San Francisco has the highest home prices in the nation, and the city’s housing activists have tried just about everything, but now they’re really thinking outside the box.
The housing group San Francisco Bay Area Renters Federation is launching an effort, dubbed Sue the Suburbs, aimed at filing a lawsuit against the city of Lafayette. They argue the city’s decision to build a luxury, gated community instead of a moderate income apartment complex is contributing to the housing crisis, according to the San Francisco Magazine.
The Bay Area is in a housing crisis amidst a population and economic boom, but in the last seven years, many counties have built only half the needed number of housing units.
Gabriel Metcalf, director of the urban planning think thank SPUR, told the San Francisco Magazine there was a strong “not in my backyard sentiment.”
“Every neighborhood has an incentive to say no to higher-density development because some of the impacts are felt locally. But when you aggregate that at the level of the whole Bay Area, the net effect of each neighborhood saying no is a profound crisis of affordability.”
In Lafayette, the city’s decision to move forward with 44 single-family-homes valued at some $1.2 million instead of a 314-unit moderate income apartment complex with $2,100 monthly rent means far fewer residents for the city.
The proposed lawsuit follows a week of protests by housing activists rallying against additional luxury buildings in the city. Last week, neighborhood groups rallied to protest the Hearst and Forest City’s massive $5 million project where developers plan to raise a 45-story tower.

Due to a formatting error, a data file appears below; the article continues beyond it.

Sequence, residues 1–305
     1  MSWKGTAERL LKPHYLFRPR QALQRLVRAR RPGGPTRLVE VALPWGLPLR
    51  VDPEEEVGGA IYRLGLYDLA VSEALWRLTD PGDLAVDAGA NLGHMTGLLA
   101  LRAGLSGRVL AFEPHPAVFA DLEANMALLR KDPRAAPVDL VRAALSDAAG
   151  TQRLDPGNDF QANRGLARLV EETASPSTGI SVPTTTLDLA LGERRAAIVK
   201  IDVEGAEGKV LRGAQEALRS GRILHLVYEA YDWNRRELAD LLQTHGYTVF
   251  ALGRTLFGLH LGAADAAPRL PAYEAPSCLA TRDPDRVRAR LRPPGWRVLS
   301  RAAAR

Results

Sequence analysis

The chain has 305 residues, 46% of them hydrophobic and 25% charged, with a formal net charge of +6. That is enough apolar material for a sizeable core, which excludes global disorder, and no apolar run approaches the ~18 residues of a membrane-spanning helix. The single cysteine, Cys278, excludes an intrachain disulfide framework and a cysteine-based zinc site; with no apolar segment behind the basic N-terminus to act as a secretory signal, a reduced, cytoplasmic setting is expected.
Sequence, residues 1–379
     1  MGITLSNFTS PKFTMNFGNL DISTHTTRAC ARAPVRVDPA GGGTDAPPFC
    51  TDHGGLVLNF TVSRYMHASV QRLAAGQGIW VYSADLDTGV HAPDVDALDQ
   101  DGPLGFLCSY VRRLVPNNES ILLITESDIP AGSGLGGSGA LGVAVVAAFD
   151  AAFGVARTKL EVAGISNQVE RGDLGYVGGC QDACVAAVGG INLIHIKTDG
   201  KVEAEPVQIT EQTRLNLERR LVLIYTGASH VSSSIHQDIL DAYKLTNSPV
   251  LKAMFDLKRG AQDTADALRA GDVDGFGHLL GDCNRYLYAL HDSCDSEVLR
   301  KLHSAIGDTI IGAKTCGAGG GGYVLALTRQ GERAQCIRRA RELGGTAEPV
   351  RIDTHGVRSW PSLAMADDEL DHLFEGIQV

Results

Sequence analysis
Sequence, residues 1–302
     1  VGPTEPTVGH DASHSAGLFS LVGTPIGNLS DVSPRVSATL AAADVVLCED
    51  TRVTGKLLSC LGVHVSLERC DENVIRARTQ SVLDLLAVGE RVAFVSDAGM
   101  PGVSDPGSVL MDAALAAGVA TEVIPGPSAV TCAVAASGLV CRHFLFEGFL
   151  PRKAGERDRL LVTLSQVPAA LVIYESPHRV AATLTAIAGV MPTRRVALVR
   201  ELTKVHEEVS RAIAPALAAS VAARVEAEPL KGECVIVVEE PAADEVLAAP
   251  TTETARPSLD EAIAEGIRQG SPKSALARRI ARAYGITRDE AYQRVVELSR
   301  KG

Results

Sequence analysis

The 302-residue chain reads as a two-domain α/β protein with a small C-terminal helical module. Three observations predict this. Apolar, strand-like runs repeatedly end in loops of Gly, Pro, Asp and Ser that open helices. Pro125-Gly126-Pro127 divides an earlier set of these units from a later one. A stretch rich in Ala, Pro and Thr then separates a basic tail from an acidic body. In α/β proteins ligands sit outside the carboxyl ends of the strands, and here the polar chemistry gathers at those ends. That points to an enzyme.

The proposed luxury condo sits on zoning designed for buildings 4 to 13 stories tall, but developers are attempting to convince city planners to allow spot zoning changes to zoning regulations, according to the San Francisco Chronicle.
Meanwhile, residents of the Mission community rallied last week to defeat a high tech hub in the neighborhood. The Redlick Building was built with the promise to provide 25,000-square-feet of usable arts space, but now developers want to cut that in half.
That move comes after housing activists successfully beat the so-called Beast on Bryant luxury condo complex planned to include 274 units, according to the San Francisco Examiner.
The city also considered a ban on additional high priced luxury buildings in the city. That movement was defeated by the Board of Supervisors, but resident support remains strong.
[Photo by Justin Sullivan/Getty Images]